BACKGROUND: Excessive alcohol consumption is associated with incident atrial fibrillation and adverse atrial remodeling; however, the effect of abstinence from alcohol on secondary prevention of atrial fibrillation is unclear.
METHODS: We conducted a multicenter, prospective, open-label, randomized, controlled trial at six hospitals in Australia. Adults who consumed 10 or more standard drinks (with 1 standard drink containing approximately 12 g of pure alcohol) per week and who had paroxysmal or persistent atrial fibrillation in sinus rhythm at baseline were randomly assigned in a 1:1 ratio to either abstain from alcohol or continue their usual alcohol consumption. The two primary end points were freedom from recurrence of atrial fibrillation (after a 2-week "blanking period") and total atrial fibrillation burden (proportion of time in atrial fibrillation) during 6 months of follow-up.
RESULTS: Of 140 patients who underwent randomization (85% men; mean [±SD] age, 62±9 years), 70 were assigned to the abstinence group and 70 to the control group. Patients in the abstinence group reduced their alcohol intake from 16.8±7.7 to 2.1±3.7 standard drinks per week (a reduction of 87.5%), and patients in the control group reduced their alcohol intake from 16.4±6.9 to 13.2±6.5 drinks per week (a reduction of 19.5%). After a 2-week blanking period, atrial fibrillation recurred in 37 of 70 patients (53%) in the abstinence group and in 51 of 70 patients (73%) in the control group. The abstinence group had a longer period before recurrence of atrial fibrillation than the control group (hazard ratio, 0.55; 95% confidence interval, 0.36 to 0.84; P = 0.005). The atrial fibrillation burden over 6 months of follow-up was significantly lower in the abstinence group than in the control group (median percentage of time in atrial fibrillation, 0.5% [interquartile range, 0.0 to 3.0] vs. 1.2% [interquartile range, 0.0 to 10.3]; P = 0.01).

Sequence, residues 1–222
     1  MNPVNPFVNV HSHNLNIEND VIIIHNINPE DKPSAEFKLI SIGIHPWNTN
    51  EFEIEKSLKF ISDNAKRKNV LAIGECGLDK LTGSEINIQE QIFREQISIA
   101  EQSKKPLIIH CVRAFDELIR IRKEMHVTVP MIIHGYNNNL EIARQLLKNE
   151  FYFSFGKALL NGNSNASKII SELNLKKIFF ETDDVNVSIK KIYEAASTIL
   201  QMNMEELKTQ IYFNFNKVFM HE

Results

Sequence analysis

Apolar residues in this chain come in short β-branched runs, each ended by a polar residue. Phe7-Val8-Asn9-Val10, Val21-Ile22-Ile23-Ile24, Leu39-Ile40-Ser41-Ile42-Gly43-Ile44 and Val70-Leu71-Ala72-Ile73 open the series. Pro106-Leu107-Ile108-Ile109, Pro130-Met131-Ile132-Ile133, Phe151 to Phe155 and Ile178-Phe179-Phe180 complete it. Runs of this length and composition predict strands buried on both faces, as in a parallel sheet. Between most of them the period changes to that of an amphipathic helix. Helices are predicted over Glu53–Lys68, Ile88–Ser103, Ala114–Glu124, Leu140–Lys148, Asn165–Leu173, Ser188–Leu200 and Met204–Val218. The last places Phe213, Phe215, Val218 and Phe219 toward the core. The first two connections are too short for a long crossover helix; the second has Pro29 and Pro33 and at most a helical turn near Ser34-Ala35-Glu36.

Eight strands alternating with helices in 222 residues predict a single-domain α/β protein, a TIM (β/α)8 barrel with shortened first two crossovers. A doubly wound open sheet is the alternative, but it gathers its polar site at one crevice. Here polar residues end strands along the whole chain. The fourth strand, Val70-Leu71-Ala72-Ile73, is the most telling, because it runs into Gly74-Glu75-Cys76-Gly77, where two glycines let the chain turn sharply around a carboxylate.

CONCLUSIONS: Abstinence from alcohol reduced arrhythmia recurrences in regular drinkers with atrial fibrillation. (Funded by the Government of Victoria Operational Infrastructure Support Program and others; Australian New Zealand Clinical Trials Registry number, ACTRN12616000256471.).